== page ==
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Julia Lathrop (1858-1932) was an American social reformer famously known for her role as the first Chief of the United States Children’s Bureau. She was actively involved in the child-saving movement that encouraged the formation of the first juvenile justice system in the United States. Early in her career, Lathrop worked in her father’s law firm and was trained to perceive both the legislative and interpersonal issues in her community (Addams). Before chiefing the Bureau, Lathrop moved into the Hull House in Chicago in 1890 with other social reformers such as Jane Addams and Ellen Gates Starr. Lathrop was highly influenced by the industrial expansion and the growing population of the early 20th century as she watched the composition of her neighborhood shift with the waves of immigrant families (Addams). She walked alongside working class families as they struggled as housing, employment, and health care became strained by the increasing population (Addams). Troubled by working-class experiences, Lathrop acknowledged increased poverty as the greatest detriment to family wellbeing, and consequently, the welfare of children (1914). Over her advantageous career, Julia Lathrop pursued positive peace tactics to abolish the economic, logistical, and social barriers to child welfare and worked actively to create a reformative juvenile justice system.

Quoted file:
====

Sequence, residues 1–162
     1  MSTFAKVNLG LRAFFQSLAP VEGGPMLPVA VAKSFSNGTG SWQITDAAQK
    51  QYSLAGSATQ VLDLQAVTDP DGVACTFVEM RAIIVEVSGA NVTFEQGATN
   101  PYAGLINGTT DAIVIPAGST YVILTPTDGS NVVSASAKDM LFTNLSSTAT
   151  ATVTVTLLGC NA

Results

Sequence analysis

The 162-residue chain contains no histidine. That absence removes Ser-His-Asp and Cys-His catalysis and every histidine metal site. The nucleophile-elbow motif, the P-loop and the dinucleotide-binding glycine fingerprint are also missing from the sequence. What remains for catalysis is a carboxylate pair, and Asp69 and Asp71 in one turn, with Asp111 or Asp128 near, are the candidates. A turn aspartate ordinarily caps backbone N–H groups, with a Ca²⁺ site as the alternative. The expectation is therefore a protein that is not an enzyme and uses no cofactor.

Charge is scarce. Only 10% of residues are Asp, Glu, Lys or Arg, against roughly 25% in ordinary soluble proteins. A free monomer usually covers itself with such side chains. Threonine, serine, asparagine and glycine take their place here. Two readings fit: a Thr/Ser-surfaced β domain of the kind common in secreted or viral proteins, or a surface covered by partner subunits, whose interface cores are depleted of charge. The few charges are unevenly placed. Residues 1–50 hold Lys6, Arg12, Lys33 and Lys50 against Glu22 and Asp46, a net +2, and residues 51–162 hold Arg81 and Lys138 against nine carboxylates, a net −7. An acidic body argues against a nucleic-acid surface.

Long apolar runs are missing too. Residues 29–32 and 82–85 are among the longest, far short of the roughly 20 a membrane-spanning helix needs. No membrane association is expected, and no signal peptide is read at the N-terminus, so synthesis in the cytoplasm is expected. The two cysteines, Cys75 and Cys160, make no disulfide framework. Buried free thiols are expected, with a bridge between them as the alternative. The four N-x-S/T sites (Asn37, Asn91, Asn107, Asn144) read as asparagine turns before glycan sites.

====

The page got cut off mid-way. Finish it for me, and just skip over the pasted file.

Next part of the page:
Lathrop often spoke publicly about the increasing rates of infant mortality and child labor, which she described as “the best single index that we have of social conditions” (Lathrop 1914); it was these socio-economic conditions, she believed, that mediated the relationship between child welfare and juvenile delinquency. Children during this early 20th century were suffering. Many children were forced to work in factories instead of attending school to help their families financially, and illiteracy fostered delinquency in cramped neighborhoods (Lathrop 1919). The cycle of oppression, in the eyes of Julia Lathrop, was turned by the hand of poverty (Addams). She believed engaging with the larger issues at play in the lives of the working class would in turn address infant mortality, child labor, and juvenile delinquency and establish peace within the community.

Julia Lathrop’s philosophy in relation to juvenile justice was that human life had intrinsic value from birth to death (Lathrop 1914). However, the system of her era did not reflect this philosophy in the ways it prosecuted crime. Lathrop was convinced that “the great primary service of the court is that it lifts up the truth and compels us to see that wastage of human life whose sign is the child in court” (Rosenthal 305). The children residing in correctional facilities at this time were primarily boys aging 9 years old to 16 years old, with their crimes as benign as “playing with coal” to “assault with a deadly weapon” (Lathrop 1912, 2). Reoffending was also common, pointing to a greater disservice by and need for reformation in the system. The child-saving movement of the early 20th century, of which Lathrop was a member, worked to curb the “unquestionable imperfections” of the justice system and revise the inhumane and inconsistent treatment of convicted youths to make reformation possible (Lathrop 1912, 1; Odala 553). Lathrop argued the court should be more preventative rather than punitive since the conditions that encouraged delinquency were products of poverty rather than bad behavior (Odala 552).